The Mansion

“Chico is not without its places of interest. When the building is completed the town will contain one of the finest private residences on the Pacific coast, which is now being erected by the Hon. John Bidwell.” – Marysville Daily Appeal, May 27, 1866

Standing in the heart of the city of Chico, Bidwell Mansion stands as a tangible legacy of John and Annie Bidwell. Completed in 1868, the luxurious mansion would have been one of the most elaborate and modern houses of its time in northern California, reflecting the status and influence of these two significant Californians. Today, it represents one of the finest examples of early Victorian-era architecture still standing in California. Restored to the 1868-1900 historic period, the mansion is now operated by California State Parks as a house museum, allowing the public to come interact with a piece of their history.

Earlier Buildings

Bidwell Mansion proved to be a substantial step up in living conditions for John Bidwell. Up until then, Bidwell had spent most of his life on the frontier and living in relatively primitive lodgings. After his arrival in California in 1841, for the most part he lived and worked in places associated with John Sutter, such as Fort Ross, Sutter’s Fort, and Hock farm. By the later part of the decade he was branching out on his own and established himself independent of Sutter.

Building Bidwell Mansion

All known evidence points to the “Old Adobe” serving as John Bidwell’s primary residence from 1852 until the completion of Bidwell Mansion. By the 1860s, this arrangement appears to have become unacceptable to John and his refined ambitions. John was interested in leaving behind the wild days of the 1840s and 50s, and becoming a respectable member of Victorian society. He appears to have begun planning for the mansion in the early 1860s, although not much is known about this process. It appears that construction was well underway in late 1865, when John, while on a trip to Washington D.C., wrote one of his contacts in Chico about information regarding the “new house.” Construction did not wrap up until 1868, a period that corresponds to many important changes in John’s life. John’s term in Congress between 1865 and 1867 certainly dragged out the construction time of the home. Strained finances, due to John’s extended absence and investments in other projects, also played a role in halting completion of the home.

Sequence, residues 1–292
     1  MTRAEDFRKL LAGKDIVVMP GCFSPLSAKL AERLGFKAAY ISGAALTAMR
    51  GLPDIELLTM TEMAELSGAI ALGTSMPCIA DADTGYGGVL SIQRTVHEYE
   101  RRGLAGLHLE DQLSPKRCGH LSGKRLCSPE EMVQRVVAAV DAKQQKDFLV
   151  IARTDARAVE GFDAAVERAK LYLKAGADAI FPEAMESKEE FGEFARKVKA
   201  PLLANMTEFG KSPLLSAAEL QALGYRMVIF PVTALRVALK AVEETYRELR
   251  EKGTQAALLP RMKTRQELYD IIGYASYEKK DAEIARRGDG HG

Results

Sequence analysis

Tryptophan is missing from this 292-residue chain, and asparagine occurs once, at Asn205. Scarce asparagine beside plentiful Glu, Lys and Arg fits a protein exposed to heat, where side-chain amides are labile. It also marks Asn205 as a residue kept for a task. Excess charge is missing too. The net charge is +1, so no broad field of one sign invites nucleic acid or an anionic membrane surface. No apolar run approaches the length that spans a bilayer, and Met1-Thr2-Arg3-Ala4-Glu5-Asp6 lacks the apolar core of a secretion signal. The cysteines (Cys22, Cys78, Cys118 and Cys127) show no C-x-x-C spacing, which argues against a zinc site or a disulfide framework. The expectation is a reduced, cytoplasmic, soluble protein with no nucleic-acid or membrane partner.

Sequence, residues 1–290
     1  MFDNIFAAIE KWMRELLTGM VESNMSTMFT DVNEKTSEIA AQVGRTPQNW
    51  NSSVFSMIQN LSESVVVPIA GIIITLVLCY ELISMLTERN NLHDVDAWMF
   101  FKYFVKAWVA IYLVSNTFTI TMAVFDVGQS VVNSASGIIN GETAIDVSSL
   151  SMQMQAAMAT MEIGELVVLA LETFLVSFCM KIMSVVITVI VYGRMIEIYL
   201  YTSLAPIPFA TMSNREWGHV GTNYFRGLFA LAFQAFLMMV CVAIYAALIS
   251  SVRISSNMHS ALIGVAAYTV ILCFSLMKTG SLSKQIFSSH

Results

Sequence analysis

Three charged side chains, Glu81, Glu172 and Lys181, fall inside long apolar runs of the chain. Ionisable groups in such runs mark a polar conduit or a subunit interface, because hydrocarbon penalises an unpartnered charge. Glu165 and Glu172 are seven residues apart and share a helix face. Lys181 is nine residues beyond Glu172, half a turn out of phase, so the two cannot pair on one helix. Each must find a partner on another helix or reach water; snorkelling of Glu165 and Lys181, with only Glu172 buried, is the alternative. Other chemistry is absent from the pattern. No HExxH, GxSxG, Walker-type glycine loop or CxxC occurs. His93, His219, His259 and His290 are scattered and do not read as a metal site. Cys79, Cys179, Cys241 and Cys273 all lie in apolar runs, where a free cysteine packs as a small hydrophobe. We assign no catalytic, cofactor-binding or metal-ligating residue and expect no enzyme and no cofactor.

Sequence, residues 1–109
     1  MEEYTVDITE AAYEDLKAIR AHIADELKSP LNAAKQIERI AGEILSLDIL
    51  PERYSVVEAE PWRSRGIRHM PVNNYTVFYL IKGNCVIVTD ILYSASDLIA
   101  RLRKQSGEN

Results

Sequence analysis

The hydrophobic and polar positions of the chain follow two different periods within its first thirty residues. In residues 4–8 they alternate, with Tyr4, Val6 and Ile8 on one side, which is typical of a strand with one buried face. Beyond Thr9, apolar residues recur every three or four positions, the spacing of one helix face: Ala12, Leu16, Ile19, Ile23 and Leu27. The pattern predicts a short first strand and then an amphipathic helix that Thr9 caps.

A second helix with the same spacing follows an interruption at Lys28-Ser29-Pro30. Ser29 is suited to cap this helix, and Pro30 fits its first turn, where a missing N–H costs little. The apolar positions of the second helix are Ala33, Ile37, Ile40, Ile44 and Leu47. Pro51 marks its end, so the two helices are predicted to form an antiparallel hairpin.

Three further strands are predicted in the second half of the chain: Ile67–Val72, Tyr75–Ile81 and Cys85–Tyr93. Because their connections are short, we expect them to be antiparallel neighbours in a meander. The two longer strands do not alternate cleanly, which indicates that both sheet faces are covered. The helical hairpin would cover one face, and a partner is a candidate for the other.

A Living Home

Annie Bidwell in the main hall of the mansion, c. 1907.

Annie Bidwell in the main hall of the mansion, c. 1907.

In 1868 John and Annie returned from their wedding in Washington D.C. and took up residence in the new home. Together they resided in the home for the next thirty-two years. Throughout that time the home underwent various changes, modifications, and updates. Both of the Bidwells’ diaries note constant work being done to the home. One September 29, 1873, for example, John notes in his diary that, “Hopkins began painting house.” On September 5, 1891 he noted, “Mansion roof finished – but the veranda has to be repaired.” For the rest of their lives, the Bidwells continued to make changes to the home, including updating the plumbing and lighting systems in the home. Following John Bidwell’s death in 1900, beginning with Annie Bidwell and continuing throughout ownership by the college and CSP, Bidwell Mansion underwent many changes and additions.

After the Bidwells

In 1914 Annie Bidwell donated 24.72 acres, including the mansion, to the College Board of the Presbyterian Church of the United States of America to be used as a co- educational Christian school after her death. Soon after Annie’s death in 1918, the Presbyterian Church determined it would not be cost effective to establish and upkeep the mansion as a school and in 1922 sold the mansion and 10.21 acres for $10,000 to be used as a dormitory for the then Chico State Teachers College.